My father asked my mother to look the other way every time we passed a pilgrim vehicle. She did it dutifully. After sometime even my dad was forced to look away. I was angry, and wished I had my friends with me instead of my parents: we would at least shout back when soldiers weren’t watching, and show them our fingers.

Pahalgam is no longer the fun it used to be.

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9 thoughts on “Holy Warriors Don’t Fear Heights

  1. Boy,You write amazingly well. Believe me it is after a very long while that I chanced across a compatriot who has a fertile imagination and can be so poetically beautiful.I am Sameer, 26. I’ve a blog but it is kinda eclectic. I’ll be glad to be in touch.LuvSameer A Bhatsameerbhat.blogspot.com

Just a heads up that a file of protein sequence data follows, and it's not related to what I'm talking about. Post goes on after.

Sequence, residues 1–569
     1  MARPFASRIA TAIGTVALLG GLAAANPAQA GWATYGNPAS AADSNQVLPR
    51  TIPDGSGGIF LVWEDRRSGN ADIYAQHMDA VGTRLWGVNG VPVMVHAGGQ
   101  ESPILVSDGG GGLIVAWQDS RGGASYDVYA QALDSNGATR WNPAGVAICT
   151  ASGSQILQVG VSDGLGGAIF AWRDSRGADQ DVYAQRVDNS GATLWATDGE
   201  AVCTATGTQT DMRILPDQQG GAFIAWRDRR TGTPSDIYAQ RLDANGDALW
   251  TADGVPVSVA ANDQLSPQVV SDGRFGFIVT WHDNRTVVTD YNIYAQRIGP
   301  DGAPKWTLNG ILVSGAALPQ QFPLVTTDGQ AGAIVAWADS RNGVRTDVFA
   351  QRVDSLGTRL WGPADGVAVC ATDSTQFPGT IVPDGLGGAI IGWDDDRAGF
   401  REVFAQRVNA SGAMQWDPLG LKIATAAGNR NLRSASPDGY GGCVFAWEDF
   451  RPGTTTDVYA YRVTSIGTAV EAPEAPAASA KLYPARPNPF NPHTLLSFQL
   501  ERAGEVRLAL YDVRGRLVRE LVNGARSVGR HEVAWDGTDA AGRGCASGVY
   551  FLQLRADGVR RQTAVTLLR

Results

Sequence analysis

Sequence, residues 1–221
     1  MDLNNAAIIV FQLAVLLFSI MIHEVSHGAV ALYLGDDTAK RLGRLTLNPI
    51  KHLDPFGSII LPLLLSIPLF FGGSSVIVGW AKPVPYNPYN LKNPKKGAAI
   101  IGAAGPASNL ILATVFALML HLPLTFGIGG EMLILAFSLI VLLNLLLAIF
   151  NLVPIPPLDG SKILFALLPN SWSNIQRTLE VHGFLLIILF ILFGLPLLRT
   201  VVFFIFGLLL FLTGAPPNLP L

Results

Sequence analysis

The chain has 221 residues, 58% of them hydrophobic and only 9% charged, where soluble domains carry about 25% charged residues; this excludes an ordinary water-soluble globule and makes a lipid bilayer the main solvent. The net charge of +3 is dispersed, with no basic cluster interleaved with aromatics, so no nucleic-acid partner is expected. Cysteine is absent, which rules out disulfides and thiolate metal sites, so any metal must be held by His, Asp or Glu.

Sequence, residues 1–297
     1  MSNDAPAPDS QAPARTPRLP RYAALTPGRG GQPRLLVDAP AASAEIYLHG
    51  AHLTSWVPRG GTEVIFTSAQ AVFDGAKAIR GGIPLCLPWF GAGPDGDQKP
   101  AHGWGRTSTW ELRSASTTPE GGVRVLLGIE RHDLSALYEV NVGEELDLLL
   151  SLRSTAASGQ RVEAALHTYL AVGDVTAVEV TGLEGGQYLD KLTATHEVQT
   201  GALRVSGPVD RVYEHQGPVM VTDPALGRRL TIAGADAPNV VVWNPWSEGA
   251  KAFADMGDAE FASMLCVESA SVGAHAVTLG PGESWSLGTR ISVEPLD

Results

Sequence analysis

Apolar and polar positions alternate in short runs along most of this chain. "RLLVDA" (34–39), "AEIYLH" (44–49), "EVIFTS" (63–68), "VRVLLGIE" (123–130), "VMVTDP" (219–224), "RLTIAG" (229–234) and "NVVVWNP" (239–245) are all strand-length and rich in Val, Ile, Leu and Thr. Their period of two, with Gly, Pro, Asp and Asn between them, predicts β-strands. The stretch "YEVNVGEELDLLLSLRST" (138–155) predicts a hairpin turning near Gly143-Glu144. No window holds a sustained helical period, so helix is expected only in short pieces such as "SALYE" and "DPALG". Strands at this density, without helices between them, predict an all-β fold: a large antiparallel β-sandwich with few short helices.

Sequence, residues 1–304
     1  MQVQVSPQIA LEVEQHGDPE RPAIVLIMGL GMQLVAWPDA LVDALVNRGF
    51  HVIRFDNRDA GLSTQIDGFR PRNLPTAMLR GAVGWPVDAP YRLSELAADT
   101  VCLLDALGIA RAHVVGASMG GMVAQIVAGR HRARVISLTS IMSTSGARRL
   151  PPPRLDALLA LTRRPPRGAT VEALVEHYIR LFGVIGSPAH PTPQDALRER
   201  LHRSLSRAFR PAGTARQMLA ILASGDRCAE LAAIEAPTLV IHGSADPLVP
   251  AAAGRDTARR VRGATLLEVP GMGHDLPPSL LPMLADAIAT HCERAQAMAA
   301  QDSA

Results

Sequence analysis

2. My friend suggested your blog. I just wanted to tell you that the lunatic fringe that raids the high peaks of Kashmir annually (I think with Govt encouragement)doesn’t represent me or the huge Indian citizenry. I empathize with the kashmir cause.PriyaBloomberg, New Delhi

  3. We are all complicit in crimes committed by the countries we live in. They are committed in our name; in our “interest”. It is no longer possible to individualise guilt and innocence. Who shall be held responsible for the murder of the Kashmiris: The soldier who just pulled the trigger, or the common Indian who failed to protest everytime a Kashmiri was killed. But I understand what you say.